The vitamin D paradox: high prevalence of deficiency in sunny Athens (Greece)

Argyro Kyriakaki, Evangelos Fragkoulis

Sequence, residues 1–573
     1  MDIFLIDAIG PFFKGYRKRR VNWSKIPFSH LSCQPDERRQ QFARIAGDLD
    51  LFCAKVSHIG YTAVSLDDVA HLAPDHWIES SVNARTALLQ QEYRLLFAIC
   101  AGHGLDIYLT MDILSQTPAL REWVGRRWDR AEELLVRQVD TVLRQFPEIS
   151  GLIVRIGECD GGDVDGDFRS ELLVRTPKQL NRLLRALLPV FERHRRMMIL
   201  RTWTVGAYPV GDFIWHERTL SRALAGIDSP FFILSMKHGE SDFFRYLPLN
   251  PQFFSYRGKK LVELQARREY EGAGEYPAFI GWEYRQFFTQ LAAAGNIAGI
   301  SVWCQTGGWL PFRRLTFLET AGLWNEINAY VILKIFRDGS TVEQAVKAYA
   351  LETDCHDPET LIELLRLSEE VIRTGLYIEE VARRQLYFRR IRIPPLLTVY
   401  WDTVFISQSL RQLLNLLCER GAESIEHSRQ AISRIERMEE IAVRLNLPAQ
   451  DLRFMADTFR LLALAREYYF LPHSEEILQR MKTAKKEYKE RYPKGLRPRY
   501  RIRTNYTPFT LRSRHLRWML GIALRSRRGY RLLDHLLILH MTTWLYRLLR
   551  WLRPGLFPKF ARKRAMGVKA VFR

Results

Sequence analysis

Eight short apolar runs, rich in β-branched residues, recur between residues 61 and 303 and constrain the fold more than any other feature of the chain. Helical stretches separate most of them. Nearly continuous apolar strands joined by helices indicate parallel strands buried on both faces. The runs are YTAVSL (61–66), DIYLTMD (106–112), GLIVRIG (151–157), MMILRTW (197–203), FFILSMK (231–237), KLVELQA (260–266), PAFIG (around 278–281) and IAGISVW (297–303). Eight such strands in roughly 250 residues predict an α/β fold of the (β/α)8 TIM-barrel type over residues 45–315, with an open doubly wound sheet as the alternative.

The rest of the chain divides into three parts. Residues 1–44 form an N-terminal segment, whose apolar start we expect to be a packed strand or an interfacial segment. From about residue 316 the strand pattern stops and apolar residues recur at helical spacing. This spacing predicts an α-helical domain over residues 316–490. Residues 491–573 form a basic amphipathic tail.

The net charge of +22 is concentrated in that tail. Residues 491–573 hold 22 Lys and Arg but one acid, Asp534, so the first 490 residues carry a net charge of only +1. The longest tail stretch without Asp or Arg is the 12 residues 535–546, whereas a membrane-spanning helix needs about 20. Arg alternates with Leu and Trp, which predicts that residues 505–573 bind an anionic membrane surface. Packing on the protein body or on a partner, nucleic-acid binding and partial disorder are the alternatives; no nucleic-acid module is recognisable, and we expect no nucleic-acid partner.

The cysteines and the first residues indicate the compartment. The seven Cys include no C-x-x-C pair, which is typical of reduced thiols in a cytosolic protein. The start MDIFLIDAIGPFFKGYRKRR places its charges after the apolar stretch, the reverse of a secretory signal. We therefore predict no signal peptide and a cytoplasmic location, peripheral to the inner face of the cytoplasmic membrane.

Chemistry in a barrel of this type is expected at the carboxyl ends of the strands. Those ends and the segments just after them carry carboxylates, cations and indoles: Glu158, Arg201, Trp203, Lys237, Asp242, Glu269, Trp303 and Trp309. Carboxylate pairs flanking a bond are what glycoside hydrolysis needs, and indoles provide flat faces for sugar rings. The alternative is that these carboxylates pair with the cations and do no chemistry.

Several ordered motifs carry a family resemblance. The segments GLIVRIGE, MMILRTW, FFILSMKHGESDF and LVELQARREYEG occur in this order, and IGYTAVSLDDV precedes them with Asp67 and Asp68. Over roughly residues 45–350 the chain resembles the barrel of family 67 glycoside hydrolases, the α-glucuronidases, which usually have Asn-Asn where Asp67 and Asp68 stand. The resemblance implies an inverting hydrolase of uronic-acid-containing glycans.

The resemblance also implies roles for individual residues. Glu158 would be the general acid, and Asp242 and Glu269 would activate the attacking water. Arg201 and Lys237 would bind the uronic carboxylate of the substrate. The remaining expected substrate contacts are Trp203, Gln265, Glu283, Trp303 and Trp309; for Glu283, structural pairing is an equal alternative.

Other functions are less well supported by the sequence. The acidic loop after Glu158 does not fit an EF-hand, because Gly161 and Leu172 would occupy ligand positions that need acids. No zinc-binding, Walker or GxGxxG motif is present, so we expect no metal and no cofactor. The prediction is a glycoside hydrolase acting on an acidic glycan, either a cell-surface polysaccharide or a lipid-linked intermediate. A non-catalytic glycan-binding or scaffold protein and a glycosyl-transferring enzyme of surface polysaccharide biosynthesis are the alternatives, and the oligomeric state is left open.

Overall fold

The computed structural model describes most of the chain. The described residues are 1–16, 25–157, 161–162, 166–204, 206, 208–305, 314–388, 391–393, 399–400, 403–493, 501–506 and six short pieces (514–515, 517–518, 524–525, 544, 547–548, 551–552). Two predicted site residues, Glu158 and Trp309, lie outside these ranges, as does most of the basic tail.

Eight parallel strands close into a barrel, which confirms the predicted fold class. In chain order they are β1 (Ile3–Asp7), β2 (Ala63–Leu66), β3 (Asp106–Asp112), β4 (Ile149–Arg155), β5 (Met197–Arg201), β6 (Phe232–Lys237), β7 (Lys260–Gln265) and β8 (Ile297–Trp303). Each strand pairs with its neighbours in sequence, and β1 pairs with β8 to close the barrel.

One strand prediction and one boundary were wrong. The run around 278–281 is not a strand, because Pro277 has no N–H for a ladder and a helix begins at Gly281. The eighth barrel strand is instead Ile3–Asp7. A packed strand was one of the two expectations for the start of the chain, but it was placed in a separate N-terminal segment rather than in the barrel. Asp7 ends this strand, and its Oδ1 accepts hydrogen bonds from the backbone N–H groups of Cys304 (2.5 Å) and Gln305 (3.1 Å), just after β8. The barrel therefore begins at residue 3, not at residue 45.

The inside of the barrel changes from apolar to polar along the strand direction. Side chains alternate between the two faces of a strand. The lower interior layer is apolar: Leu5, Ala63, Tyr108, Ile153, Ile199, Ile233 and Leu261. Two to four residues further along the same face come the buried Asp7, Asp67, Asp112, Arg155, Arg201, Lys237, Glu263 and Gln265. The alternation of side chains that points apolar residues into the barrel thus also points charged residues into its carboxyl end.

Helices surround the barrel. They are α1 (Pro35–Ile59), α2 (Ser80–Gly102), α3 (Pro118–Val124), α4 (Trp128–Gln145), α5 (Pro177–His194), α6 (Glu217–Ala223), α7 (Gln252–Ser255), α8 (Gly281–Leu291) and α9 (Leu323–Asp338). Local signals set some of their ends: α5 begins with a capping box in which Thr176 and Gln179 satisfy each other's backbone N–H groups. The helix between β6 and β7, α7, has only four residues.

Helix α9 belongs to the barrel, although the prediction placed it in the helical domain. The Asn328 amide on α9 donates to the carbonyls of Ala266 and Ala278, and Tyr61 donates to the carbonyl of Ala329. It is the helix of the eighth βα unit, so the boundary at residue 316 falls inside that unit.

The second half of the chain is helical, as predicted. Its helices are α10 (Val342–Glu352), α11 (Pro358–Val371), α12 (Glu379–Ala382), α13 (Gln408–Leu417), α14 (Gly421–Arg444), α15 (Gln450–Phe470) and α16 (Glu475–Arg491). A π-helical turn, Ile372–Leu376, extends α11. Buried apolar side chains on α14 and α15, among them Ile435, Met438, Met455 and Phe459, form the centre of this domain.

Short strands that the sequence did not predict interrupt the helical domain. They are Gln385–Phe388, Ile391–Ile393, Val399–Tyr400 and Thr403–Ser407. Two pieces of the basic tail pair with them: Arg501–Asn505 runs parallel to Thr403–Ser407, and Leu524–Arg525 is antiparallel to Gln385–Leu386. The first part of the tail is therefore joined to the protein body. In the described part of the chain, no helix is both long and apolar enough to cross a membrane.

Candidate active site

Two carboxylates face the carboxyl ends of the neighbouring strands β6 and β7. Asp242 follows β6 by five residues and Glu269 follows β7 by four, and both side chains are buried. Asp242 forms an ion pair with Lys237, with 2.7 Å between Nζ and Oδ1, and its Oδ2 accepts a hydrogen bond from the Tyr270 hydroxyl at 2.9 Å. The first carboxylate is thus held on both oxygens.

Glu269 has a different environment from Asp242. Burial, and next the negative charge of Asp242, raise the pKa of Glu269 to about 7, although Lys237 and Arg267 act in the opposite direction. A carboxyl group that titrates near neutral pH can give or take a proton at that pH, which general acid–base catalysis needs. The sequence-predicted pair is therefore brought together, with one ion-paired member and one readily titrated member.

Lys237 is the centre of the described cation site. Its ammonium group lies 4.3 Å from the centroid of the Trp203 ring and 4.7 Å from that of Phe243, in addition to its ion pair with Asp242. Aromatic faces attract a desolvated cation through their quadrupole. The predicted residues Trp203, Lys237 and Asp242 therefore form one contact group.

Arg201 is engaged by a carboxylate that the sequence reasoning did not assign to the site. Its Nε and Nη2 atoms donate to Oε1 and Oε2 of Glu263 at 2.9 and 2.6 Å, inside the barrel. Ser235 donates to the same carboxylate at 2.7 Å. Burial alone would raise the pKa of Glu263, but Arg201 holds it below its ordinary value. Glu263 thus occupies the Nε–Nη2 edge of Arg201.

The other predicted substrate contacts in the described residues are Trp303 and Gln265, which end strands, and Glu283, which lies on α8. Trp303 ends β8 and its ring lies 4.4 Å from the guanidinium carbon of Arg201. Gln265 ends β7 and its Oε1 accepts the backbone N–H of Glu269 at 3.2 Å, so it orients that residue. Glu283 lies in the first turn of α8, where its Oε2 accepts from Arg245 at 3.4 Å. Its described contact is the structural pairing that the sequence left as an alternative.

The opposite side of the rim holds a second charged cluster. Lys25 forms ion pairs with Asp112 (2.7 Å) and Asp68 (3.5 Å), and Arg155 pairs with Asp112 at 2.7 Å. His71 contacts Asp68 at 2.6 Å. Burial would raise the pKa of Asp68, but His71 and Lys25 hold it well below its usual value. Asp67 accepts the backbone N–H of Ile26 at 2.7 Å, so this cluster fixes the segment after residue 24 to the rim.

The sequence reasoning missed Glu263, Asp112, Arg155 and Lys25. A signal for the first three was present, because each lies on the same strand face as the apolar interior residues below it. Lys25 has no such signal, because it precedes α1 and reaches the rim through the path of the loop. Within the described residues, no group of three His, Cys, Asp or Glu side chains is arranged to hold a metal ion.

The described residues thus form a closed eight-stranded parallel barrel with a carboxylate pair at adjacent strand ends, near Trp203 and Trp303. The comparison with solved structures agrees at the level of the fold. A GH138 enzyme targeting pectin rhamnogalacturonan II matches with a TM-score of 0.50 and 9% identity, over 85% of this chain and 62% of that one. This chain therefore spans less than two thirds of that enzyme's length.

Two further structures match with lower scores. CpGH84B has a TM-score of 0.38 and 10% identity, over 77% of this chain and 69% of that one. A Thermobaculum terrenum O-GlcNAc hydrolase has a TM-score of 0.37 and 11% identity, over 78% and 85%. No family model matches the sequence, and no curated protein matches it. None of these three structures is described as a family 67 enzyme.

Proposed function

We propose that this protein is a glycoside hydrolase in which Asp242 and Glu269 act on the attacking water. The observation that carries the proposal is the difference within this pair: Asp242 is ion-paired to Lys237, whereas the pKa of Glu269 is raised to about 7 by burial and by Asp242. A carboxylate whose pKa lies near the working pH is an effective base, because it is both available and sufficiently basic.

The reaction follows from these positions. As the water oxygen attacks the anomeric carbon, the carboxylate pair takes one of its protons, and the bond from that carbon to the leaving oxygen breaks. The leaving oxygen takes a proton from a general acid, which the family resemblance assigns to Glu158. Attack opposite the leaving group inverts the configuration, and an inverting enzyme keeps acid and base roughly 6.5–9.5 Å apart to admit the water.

There is a universal hype regarding vitamin D (vitD) and a belief that we are over-screening and over-treating population for vitD deficiency, especially in Athens, one of the sunniest cities in Europe. We studied 271 postmenopausal women (mean age: 67.3 years old) who had been referred for vitD level assessment to the microbiology lab of Peristeri’s Health Center during a period of three months (January–March 2017). The mean serum 25-hydroxy vitD [25-(OH)D] was 16.53±6.41 (ng/mL), which was unexpectedly low for a population living in a Mediterranean region, while a significant proportion of postmenopausal women in Athens appeared to suffer from hypovitaminosis D, varying from 39.5% to 92.2%, depending on the cut-off values we utilise to define the vitD deficiency. These data justify screening of perimenopausal women for vitD deficiency, as they indefinitely consist a high-risk group.